On this page are two photos that scam artists operating around the refugee camps in
Thailand tried to pass off as photos of live US POWs. I saw each of these several
times during my tenure in DIA -- 1986 - 1990. The story behind each photo is beneath
Photo #1: Mr. Kamm, US POW (Well, not exactly)
This photo was a regular among the refugees. Usually this photo was brought to US
interviewers by a Vietnamese refugee or a Lao "resistance fighter." It was
all very hush-hush -- the person or people with the photo had a secret to tell. No
one ever brought an original photo --always came in with photocopies of photocopies of
The story had a few variations but the basic story was this.
The tall man on the left is an American prisoner being held
(somewhere). His left arm was cut off (when he bailed out of his airplane; when he
was attacked by PAVN soldiers). The guy on the right is his guard. I know the
guard. If the US government will pay to me $XX,XXX, I can free this American
POW. Why do I need the money? To bribe guards, village chief, etc. Some
inventive sources claimed that "Mr. Kamm" was shot down, lost his arm in the
shoot down, and was protected and nursed to health by "villagers." In
gratitude, he married the village chief's daughter. Now, he and the whole village
want to go to the US -- need money for travel expenses. Honest, folks, I swear
that's what one guy told us.
When this photo was brought to US interviewers, frequently there was an inscription on
the back, something like "USN 12345." That person presenting the photo
claimed that this was "Mr. Kamm's" service number.
"Mr. Kamm" is, indeed, Mr. Kamm. Greg Kamm, US Peace Corps worker in
Thailand. Not a US POW; never served a day in uniform. Not missing his left
arm. The short guy is a friend of Kamm's. Kamm told US interviewers that this
photo was among many things stolen during a break-in at his friend's home in NE Thailand.
One Sunday Afternoon
One Sunday afternoon, I was half-asleep in front of a Redskins game on TV when the
phone rang. It was an Air Force officer with whom I had been in Chinese language
school. He was now out of the USAF and was working with an international arms
dealer. He had just talked with an Israeli friend of his in London. The
Israeli had just received a photograph of a US POW being held right now in Laos.
I called the guy in London who went through a long story about how his friend in
Thailand had received this photo. It was only a couple of days old -- in fact, the
date on the newspaper was 2 or 3 days earlier. What to do? I told him to take
the photo and the accompanying letter from his friend to the US Embassy in London. I
called the Embassy and alerted them. The Embassy overnighted the photo to us in DIA
and made copies that were overnighted to the embassy in Thailand.
According to the letter from the Israeli's friend, the guy in the photo was a US POW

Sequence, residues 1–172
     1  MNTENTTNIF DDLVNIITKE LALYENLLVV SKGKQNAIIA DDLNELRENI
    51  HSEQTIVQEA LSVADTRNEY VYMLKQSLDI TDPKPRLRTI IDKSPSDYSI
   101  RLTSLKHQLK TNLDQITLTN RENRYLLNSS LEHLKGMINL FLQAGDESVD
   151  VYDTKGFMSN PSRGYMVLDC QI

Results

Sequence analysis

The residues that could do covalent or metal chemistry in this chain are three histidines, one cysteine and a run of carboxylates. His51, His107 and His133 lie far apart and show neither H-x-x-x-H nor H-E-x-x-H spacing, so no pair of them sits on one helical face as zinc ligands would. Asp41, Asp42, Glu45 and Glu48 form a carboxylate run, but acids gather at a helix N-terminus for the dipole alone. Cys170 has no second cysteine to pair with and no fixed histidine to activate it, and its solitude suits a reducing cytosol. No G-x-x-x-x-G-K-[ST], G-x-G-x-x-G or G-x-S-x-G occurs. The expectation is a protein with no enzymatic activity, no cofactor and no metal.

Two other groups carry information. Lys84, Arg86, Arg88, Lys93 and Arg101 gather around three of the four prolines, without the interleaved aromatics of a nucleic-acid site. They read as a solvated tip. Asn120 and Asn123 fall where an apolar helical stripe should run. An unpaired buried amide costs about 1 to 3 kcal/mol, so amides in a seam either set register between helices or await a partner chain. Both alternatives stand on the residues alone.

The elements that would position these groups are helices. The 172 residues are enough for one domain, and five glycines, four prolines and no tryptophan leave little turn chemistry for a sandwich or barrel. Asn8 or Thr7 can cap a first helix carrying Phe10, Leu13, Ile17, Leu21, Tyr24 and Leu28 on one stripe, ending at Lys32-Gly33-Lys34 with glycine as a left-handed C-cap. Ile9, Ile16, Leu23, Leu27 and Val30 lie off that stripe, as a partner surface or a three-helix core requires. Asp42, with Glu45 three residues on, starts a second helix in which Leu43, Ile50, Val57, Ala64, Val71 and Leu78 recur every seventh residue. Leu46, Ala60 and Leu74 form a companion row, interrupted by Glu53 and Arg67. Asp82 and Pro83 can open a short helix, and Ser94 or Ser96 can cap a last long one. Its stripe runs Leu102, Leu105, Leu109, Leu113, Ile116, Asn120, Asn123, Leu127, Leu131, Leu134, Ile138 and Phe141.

who had been rescued and moved to a jungle hideout close to the Thai - Lao border.
If the US would put up $XXX,XXX (I do not recall the amount), then the guy would be
freed. There was a long, elaborate system of signals, money put into dead drops --
all very spooky.
Almost immediately after the photo arrived in the US Embassy in Bangkok, a consular
officer in the embassy recognized the guy as an American living in NE Thailand --
Mr. Charles Strait. Strait was a former USAF member who served in Thailand in
the 1970s, married a Thai lady, and decided to live in Thailand.
US interviewers went to Strait's home and here is the story he told. He was
approached by two Thai who offered him money if he would pose as a US POW. He agreed
and was taken to a house and told to wait in the back room. He heard a car drive up
and some guys speaking with an Aussie accent enter the house. There was then much
discussion -- in English -- between the Aussies and the Thai. The Thai told the
Aussies that they could deliver to them (the Aussies) a real, live US POW and they needed
some money up front. No one could agree on a price so the Aussies left and Strait
never got paid nor did he get to perform as a US POW.
Occasionally, an enterprising source would come to US interviewers with one of these
photos -- or a similar photo -- and would claim that this photo was a picture of _____
-- and he would name a real MIA. The problem is that names of
missing Americans were readily available. Families visited the refugee camps and
distributed leaflets with their missing man's name, photo, etc.; "activists"
such as Billy Hendon spread flyers, videotapes, and word of mouth through the camps,
including the names of missing men. In every case where a photo was claimed to be
that of a missing man, US interviewers either had their own copy of the photo and were
able to confront the source with the phony photo, or, they were able to get the source to
admit that the tale was phony. Still, when the name of an MIA was attached to a
photo, we were bound by policy to inform the family. You can imagine the effect of that
news on families of missing men.
Shame is that we wasted zillions of hours tracking down this sort of stuff. The
first time we received a photo, we went all out to identify it. From then on, we
wasted little time on them as they would re-appear with a slightly different story.